Frame size: The crib inside should snugly adapt a standard crib mattress -- at least 51 3/4 inches long by 27 3/8 inches wide. Ensure there is no space between the surfaces of the mattress and the crib walls. This poses a considerable danger, as infants can get trapped inside that area.
Safe sleep recommendations: Get advice about infant bedding and sleep position to lower your baby's risk of SIDS.
Bumpers: Crib bumpers -- cushioned cushioning that attaches to the inside railings of the crib -- are occasionally still contained in crib bedding collections, but a number of organizations, including the AAP, today dissuade them as a SIDS hazard for babies.
When setting up a crib, select a spot away from windows, window blinds, and draperies. Infants can strangle on the cords, and mature infants could possibly pull themselves up and fall through the window. When there's a cord on your baby screen, keep it at least 3 feet from the crib.
Adjustable mattress heightthe majority of cribs let you alter the elevation of the crib mattress by simply raising or lowering the mattress support. The time to lower the mattress is when your child starts sitting up. As children get more active and move to pulling up and standing, they could climb and fall from the crib.
Cribs with drop sides: The principle is simple -- do not use them. The movable railings called drop sides were more common on toddlers for decades, but can pose a severe hazard to infants. If the fall side detaches or comes loose, then a baby can become entrapped and strangle or suffocate in the space between the fall side along with the crib mattress. Their sale was banned because 2011.
Versatility: Many Automobiles are designed to convert to a toddler bed, day bed, or even the headboard and footboard for a full-size bed. Be certain that the crib makeover is relatively simple to perform (check online reviews from parents) which you enjoy the look of the new furniture.
Stability: Give the crib a good shake at the shop or once you put it together at home. If it wobbles or rattles, it may have been placed together improperly. (Although wobbling or rattling could also be a sign that you should start looking for a sturdier crib.)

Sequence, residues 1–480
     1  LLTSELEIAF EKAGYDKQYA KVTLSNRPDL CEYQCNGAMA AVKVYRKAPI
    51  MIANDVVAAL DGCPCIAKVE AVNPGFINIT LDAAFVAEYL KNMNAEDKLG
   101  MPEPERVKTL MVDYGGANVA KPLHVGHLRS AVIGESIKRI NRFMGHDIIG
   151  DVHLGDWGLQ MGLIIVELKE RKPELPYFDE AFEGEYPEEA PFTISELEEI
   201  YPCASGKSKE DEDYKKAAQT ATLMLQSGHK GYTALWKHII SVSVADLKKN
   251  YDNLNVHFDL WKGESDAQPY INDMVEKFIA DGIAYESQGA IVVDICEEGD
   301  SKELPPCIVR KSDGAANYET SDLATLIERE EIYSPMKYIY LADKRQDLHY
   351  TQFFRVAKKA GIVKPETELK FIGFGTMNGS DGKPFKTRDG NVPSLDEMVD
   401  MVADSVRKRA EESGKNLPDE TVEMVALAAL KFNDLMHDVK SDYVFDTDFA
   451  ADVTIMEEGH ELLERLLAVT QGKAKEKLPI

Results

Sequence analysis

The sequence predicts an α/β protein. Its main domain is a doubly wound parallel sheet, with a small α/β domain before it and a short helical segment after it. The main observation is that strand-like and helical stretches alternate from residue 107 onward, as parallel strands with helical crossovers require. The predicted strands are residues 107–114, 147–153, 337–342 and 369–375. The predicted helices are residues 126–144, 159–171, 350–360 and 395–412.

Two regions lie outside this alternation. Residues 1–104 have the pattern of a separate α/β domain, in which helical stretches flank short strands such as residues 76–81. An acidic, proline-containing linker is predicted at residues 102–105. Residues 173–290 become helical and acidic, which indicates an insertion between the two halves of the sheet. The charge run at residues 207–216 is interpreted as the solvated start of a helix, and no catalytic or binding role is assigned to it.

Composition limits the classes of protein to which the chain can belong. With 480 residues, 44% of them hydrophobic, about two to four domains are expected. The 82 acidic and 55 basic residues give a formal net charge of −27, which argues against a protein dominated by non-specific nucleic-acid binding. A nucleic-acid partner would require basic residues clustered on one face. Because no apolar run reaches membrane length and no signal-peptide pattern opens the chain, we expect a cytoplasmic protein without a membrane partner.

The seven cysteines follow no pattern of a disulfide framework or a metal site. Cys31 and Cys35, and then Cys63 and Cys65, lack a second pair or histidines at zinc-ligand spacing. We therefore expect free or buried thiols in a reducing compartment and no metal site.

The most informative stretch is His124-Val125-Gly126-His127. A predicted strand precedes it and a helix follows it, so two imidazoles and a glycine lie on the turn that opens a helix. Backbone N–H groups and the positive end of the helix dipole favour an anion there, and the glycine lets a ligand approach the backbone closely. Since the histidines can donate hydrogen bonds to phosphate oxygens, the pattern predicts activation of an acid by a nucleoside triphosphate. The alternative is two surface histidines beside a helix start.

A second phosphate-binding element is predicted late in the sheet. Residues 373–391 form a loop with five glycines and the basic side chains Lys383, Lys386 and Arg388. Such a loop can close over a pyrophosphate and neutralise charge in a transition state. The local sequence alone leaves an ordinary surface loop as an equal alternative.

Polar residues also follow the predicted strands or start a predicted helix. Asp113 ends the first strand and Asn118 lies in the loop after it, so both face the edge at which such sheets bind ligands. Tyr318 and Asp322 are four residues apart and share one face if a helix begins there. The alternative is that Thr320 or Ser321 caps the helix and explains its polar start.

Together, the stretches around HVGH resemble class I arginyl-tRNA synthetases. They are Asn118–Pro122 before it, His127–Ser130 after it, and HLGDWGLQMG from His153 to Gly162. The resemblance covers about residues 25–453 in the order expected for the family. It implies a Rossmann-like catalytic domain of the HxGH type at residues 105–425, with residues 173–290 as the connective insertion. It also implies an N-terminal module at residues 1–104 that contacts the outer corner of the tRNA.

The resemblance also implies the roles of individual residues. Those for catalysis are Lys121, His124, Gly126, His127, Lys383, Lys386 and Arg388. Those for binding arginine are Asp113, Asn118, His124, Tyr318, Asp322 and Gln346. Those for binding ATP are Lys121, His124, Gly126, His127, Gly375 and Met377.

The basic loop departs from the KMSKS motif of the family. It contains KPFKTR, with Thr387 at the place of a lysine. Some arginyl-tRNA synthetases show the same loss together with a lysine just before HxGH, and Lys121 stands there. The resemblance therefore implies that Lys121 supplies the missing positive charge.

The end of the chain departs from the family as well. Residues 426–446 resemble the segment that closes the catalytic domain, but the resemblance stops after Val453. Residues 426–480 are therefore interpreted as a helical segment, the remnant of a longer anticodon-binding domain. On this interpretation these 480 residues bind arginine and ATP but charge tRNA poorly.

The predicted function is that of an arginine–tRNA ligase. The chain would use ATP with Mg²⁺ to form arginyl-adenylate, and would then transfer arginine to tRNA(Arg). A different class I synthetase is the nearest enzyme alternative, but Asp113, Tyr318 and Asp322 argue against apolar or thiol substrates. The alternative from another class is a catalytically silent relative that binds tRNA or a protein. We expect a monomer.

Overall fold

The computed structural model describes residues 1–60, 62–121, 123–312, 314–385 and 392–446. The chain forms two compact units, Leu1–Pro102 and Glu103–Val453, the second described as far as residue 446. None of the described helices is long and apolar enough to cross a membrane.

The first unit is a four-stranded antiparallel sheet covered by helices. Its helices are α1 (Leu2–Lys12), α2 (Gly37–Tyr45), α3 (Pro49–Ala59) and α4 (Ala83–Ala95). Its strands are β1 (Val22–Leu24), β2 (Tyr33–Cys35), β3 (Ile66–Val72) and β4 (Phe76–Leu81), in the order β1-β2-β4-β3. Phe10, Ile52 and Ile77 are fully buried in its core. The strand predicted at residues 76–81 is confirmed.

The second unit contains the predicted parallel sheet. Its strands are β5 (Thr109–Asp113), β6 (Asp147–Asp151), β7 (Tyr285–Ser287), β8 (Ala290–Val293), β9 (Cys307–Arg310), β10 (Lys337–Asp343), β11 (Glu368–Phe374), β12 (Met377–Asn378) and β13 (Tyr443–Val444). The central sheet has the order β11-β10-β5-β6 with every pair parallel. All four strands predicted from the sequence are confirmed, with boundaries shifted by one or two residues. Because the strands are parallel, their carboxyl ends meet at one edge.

Old cribs: Cribs made before 1974, when federal crib-safety standards went into effect, are somewhat more likely than newer versions to have safety issues. Secondhand cribs might also have splinters, lead paint, discontinued (and potentially dangerous) features, or slats which are too far apart. Articles on a crib shouldn't higher than 1/16 of an inch (unless they are over 16 inches to encourage a canopy); otherwise, clothes can catch them on and injure or choke an infant. Even models manufactured as recently as 1991 could be unsafe, so if you're borrowing a crib or buying a used one, keep an eye out for these risks in addition to for sharp edges, protruding metal, anything that can be broken off and spilled on, peeling paint, along with cutouts along the rail which can trap your child's arm or neck. Examine the product recalls from the U.S. Consumer Product Safety Commission to ensure it hasn't been recalled.
Many moms like to have the crib set up a few months before their due date. But don't be concerned if the baby arrives before your infant does; tots do fine in a bassinet, cradle, or sleeper for your first several weeks or perhaps months of their lives.
Mattresses: The two most common types sold are innerspring and foam and the two are available in thicknesses between 3 and 6 inches. For a foam mattress, more significant than depth, however, is high density; weight may be a good indication -- a heavier mattress is denser than one that's the same size but lighter. (See our buying guide for more information on buying crib mattresses.)
Full-sized Automobiles, such as convertibles, range from $110 to $800.
Safety limits: Crib manufacturers advocate discontinuing use (or converting to the product's next stage, for convertible cribs) when your child reaches a specific height, weight, or developmental phase. Height/weight limits are generally much lower on mobile or mini-cribs. Read your product manual carefully and follow instructions.
Space savers: Children short on space may be considering portable or mini-crib options, each of which occupy less space than full-size cribs. Some fold or collapse for storage; a few have wheels so they may be wrapped around the home.
Most new cribs available on the market comply with both mandatory and voluntary safety standards. For starters, be sure that yours is properly constructed and structurally sound; the U.S. Consumer Product Safety Commission reports many cases where Automobiles have come . If it happens, a baby's head can get trapped in the spaces between the mattress and side rail.
Infants often spend more time at the crib than anywhere else, so while relaxation is important, security is vital. As most kids sleep in a crib until it is time to move into a true bed -- typically between the ages of 2 and 3 -- you will want a sturdy one.